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Every single one of us at some time in our lives faces a dilemma when we are asked by someone for help. We may see someone at a red light with a sign that says, "Will work for food", or you may be approached by someone at the mall or while you're downtown asking for help or for money.


As a Pastor that handles our mercy ministry at Church and who deals with people who walk inside our church asking for help, I have learned that every situation is different.

As a general rule of thumb, the thing to remember is that the goal of helping people is to empower them, not enable them. We must be careful not to create dependency. Randy Nabors said it well: "The enemy is dependency." 

Most people need a hand-up and not a handout. We tend to give people handouts because it's the quick and easy thing to do, but often times people need more than the money or food we give them. If we give them an easy handout, it may only be a band-aid, but the real need may be surgery. Also, a handout could leave room for them to spend money unwisely without any accountability or help to get them back on their feet. 

There are certain questions we need to think about before helping someone (taken from the book When Helping Hurts):

  • Is there really a crisis at hand?
  • If you fail to provide immediate help, will there be serious, negative consequences?
  • Can the person help himself? If yes, a pure handout is almost never appropriate, as it undermines the person's capacity to be a steward of his own resources and abilities.
  • To what extent has this person already been receiving relief from you or others in the past?

Sometimes it's better for the person if you withhold giving them a handout. Instead, you may need to explain your reason for withholding relief and then offer them wide-open arms and help them find long-term solutions.

The Bible talks a lot about helping people without hurting them. Galatians 6:2, 5 says,

"Carry each other's burdens, and in this way you will fulfill the law of Christ... For each one should carry his own load. 

Henry Cloud, author of Boundaries said it this way:

"We are responsible to others and for ourselves. 'Carry each other's burdens (Galatians 6:2)' describes how we are responsible to others. Many times others have 'burdens' that are too big for them to bear. They do not have enough strength, resources, or knowledge to carry the load, and they need help. Denying ourselves to do for others what they cannot do for themselves is showing the sacrificial love of Christ. This is what Christ did for us. He did what we could not do for ourselves; He saved us.

On the other hand, Galatians 6:5 says that 'each one should carry his own load.' Everyone has responsibilities that only he or she can carry. These things are our own particular load that we need to take daily responsibility for and work out. No one can do certain things for us. We have to take ownership of certain aspects of life that are our own load.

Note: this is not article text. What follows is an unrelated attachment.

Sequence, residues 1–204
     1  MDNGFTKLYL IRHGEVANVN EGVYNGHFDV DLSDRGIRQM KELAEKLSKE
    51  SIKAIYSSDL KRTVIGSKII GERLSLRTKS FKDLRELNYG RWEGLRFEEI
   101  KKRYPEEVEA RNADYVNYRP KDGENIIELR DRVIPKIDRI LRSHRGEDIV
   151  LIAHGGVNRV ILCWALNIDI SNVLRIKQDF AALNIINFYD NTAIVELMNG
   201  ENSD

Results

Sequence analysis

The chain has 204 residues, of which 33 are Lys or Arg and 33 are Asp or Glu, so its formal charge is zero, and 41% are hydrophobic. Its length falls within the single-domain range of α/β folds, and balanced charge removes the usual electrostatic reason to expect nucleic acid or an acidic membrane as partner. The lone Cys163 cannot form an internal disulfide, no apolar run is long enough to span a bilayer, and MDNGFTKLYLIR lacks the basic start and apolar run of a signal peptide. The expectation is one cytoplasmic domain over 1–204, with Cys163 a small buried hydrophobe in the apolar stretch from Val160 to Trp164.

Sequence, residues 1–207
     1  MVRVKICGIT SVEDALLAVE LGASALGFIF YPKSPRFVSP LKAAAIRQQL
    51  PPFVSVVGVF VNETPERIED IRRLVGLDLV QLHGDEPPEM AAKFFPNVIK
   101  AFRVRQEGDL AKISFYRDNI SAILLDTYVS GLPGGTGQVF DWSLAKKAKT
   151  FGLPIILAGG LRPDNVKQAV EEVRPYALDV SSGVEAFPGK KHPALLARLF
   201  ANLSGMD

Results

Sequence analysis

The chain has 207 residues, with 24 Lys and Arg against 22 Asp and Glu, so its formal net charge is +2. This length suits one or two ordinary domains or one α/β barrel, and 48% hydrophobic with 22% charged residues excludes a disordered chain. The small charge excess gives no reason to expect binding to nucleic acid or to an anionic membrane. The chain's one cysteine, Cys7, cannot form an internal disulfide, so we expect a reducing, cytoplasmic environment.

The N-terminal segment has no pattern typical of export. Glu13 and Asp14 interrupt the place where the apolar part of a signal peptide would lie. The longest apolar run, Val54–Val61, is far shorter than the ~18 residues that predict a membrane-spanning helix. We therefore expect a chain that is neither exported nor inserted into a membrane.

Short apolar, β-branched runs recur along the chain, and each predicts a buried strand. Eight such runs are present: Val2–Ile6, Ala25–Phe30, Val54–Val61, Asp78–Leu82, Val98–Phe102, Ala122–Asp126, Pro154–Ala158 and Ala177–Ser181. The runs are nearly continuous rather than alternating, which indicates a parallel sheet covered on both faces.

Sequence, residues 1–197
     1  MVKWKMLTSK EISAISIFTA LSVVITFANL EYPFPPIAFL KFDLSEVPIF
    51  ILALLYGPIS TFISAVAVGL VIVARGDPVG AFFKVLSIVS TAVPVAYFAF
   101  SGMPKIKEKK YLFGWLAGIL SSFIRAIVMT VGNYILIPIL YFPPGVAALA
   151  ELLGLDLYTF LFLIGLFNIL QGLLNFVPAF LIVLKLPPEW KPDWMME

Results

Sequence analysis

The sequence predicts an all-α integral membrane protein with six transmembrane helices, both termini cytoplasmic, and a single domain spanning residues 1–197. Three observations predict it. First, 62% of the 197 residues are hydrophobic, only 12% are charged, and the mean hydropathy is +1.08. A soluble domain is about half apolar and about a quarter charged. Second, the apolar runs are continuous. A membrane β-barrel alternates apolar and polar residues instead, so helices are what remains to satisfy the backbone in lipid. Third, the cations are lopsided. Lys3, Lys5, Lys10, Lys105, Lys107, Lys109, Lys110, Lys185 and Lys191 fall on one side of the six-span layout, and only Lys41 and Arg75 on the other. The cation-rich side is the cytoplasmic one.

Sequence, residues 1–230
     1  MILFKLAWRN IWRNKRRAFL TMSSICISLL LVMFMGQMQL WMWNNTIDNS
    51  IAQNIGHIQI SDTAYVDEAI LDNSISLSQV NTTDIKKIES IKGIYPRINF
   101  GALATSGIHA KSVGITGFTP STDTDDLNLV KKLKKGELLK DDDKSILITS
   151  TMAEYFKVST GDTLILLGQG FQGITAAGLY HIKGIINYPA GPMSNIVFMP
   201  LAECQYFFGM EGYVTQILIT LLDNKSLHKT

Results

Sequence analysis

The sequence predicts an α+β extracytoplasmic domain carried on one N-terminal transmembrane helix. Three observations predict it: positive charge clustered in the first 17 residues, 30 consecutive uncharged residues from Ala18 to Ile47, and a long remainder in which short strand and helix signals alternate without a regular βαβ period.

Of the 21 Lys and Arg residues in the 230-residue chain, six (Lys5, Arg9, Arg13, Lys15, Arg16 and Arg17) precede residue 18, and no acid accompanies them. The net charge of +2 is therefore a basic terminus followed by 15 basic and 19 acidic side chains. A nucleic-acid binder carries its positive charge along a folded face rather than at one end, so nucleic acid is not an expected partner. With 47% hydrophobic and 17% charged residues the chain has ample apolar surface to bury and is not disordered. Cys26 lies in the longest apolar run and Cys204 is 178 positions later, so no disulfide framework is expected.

The Greek word for burden means 'excess burdens', or burdens that are so heavy that they weigh us down. These burdens are like boulders that can crush us and that we can't carry ourselves. The Greek word for load means 'cargo' or 'the burden of daily toil.' This word describes the everyday things we all need to do. These loads are like knapsacks that are possible to carry.

Problems arise when people act as if their 'boulders' are daily loads, and refuse help, or as if their 'daily loads' are boulders they shoudn't have to carry. The results of these two instances are either perpetual pain or irresponsibilty."


As Cloud says there are some situations where we must help others in need, but there are other situations where the person has to take responsibility. If you find that a person needs to take more responsibility, the best thing to do is help them understand this and give them the proper resources they need to develop further.

If you are still unsure to help, I would err on the side of compassion. If someone is asking for money at a red light, I wouldn't give them money, but I would give them food or quickly tell them about a local ministry or church. If someone is asking you for help and you're able to spend a few minutes with them, sit down and have a conversation with them and hear their story. I've found that people are thankful to just have someone to talk to and to pray with whether you end up giving them money or not. They tend to be thankful because they are treated respectfully, like real human beings, and so often they are not treated that way. 


Whenever you're approached by someone asking you for help, don't see them as a burden but see them as a person made in the image of God that should be honored and respected. See it as an opportunity to help them and not hurt them by simply giving them a handout and send them on their way.

For more on this, listen to my sermon "To Serve, Or Not to Serve?".



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